Super Power #2 – Selling

Not a super power you say?  Well whether you are telling the team about the product vision, giving a demo to a group of users, or delivering a project proposal to a steering committee you are selling.  It becomes a super power when you are selling WELL.

Selling is just influencing others to your view.

If you are like me, you grew up thinking that ‘selling’ had to include being slimy, smarmy, or at least pushy. But somewhere along the way, I was made to realize that every day you are selling. This is because ‘selling’ is just influencing people to your viewpoint.  Why should you care as a Product Owner?

Let’s take that last example…if you are successful as a product owner, sooner or later you will need to pitch a new idea to the powers-that-be so your team can get funding right?  So, please put aside your previous concept of ‘sales’ and get psyched for your big presentation.

1. What have you done for me lately? The very first thing you need to do is tell them why they should listen.  They are busy, just like you and me, and if you start with the ‘why’ you will be sending a message that you are not wasting their time.  This isn’t rocket science — in journalism they say, “Don’t bury the lead,” and in agile it is, “Start with the most important stuff,” yet when many people create a presentation they have the important stuff on the very last slide for the ‘big reveal.’  Don’t do that.  Put it first.

2. Focus on one clear idea.  If you don’t do this, the whole presentation will likely get muddled and you may not accomplish any goal.  Resist others suggestions to expand their agenda into your presentation and resist piling in a bunch of other aims.  Simple succeeds.

3. For Pete’s sake, don’t be technical! Try delivering the pitch to your mom — if she can’t get it, they won’t get it.

4. Repeat after me, “Less is ALWAYS more.” Do NOT write your speaking points on powerpoint slides and then read them!  Use slides like a table of contents for your speech.  I like to use the notes section to write out talking points and then bring that version (just for me) to the meeting.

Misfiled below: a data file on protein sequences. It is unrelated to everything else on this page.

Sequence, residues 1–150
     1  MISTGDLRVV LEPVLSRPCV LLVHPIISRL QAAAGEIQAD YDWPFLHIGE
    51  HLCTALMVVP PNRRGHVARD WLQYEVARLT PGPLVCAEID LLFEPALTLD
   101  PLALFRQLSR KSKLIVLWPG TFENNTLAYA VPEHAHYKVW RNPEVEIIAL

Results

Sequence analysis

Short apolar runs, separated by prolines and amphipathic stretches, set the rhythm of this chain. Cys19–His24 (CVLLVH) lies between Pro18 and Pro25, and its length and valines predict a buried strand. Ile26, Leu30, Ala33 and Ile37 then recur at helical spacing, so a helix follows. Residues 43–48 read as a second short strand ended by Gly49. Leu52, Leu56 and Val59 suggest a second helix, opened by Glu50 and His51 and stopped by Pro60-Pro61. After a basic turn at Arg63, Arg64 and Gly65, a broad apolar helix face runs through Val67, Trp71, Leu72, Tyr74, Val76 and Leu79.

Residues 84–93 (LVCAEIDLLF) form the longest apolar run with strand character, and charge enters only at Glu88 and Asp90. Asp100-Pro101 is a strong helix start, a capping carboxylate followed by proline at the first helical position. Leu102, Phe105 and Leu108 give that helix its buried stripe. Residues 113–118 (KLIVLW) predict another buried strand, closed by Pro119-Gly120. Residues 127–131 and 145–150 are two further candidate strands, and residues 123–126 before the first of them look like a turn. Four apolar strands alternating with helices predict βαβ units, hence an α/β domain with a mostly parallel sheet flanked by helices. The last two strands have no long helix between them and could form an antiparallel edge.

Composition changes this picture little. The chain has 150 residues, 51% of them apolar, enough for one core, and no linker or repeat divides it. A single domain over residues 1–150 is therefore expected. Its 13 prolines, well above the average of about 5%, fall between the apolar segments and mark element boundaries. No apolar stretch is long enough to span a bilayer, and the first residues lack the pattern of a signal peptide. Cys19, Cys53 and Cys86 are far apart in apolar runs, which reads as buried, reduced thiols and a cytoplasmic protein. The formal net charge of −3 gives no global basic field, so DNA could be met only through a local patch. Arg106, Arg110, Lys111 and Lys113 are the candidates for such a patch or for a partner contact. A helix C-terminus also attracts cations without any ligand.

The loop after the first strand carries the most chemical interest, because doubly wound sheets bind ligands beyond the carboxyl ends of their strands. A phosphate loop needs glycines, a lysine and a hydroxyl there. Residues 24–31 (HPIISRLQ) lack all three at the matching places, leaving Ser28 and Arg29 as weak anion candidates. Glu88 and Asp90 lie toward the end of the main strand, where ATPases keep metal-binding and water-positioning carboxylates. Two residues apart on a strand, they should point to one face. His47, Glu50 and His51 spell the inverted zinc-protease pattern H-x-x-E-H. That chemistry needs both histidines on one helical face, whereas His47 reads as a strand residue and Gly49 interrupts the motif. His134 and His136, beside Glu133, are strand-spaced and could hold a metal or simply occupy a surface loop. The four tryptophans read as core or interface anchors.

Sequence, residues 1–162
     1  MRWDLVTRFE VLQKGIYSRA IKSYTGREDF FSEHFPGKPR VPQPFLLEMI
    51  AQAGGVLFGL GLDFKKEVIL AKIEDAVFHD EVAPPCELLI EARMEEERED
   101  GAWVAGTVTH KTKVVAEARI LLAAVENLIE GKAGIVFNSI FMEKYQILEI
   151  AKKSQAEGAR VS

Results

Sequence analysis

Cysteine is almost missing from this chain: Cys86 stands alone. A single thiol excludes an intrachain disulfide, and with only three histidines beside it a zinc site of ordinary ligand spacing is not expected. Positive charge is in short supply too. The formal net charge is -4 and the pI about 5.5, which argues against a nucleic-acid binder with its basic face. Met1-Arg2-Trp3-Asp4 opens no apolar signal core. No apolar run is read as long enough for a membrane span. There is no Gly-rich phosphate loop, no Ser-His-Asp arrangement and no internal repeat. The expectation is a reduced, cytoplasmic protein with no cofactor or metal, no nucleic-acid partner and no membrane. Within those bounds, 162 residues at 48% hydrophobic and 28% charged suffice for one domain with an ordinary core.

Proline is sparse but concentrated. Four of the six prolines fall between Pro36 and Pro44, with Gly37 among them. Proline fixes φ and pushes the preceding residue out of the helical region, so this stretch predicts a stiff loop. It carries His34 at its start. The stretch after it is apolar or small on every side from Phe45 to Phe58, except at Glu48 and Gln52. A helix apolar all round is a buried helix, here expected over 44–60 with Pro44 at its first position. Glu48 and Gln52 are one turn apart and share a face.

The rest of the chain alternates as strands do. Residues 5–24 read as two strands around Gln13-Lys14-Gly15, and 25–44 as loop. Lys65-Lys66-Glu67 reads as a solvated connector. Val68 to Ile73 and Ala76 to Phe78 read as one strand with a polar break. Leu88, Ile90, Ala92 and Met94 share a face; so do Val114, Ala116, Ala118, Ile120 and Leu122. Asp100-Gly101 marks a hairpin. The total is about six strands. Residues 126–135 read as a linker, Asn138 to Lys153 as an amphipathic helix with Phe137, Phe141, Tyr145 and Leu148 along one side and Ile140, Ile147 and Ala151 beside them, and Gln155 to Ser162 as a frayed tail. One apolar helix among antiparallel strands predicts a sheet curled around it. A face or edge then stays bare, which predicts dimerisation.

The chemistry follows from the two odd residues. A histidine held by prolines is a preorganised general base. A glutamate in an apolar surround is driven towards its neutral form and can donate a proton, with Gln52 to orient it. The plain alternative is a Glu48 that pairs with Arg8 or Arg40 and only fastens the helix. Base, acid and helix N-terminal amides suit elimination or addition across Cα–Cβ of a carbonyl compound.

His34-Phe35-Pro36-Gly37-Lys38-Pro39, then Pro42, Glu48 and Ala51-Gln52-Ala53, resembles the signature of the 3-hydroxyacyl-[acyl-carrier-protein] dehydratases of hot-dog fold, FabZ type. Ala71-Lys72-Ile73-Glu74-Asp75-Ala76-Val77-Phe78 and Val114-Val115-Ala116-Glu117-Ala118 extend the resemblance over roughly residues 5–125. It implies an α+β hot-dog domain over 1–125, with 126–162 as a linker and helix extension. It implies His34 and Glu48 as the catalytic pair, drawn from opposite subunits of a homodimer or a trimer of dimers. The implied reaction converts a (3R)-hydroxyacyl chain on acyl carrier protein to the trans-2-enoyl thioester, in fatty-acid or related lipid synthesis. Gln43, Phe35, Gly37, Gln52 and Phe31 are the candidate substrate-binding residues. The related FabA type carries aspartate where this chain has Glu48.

5. Rehearse it, then rehearse it again. When the day arrives you need to be polished so you can focus on the interaction and on being dynamic.  If you are reading or are ill prepared, they will know it and you may leave a bad impression.  Even if you think it is a waste of time right now, go into a room and pretend to present — I guarantee you will make improvements after your first run-through.

The very nature of the PO role is that you are always communicating, so I say we need to embrace it.  Join Toastmasters, read a book, practice with your fellow teammates, but DO work at this.

For our part, my team will be practicing impromptu speaking at our weekly forum — just a quick 1 minute demo of some random prop I bring.  Then we tell them what they did well and what they could do ‘even better’.  This is very similar to what Toastmasters does to give everyone the opportunity to speak every meeting.  The fantastic part about it is that, even in a 1 minute demo you need an intro, a body, and a conclusion. Practice helps make that automatic — it strengthens those speaking muscles.

How about you?  Any “C-level” presentation tips I’m missing for this super power to be complete?

(And don’t forget to come back next Friday — Super Power #3 is all about the energy you bring to the team and how critical your leadership is in helping them see the value their work brings to your organization.)

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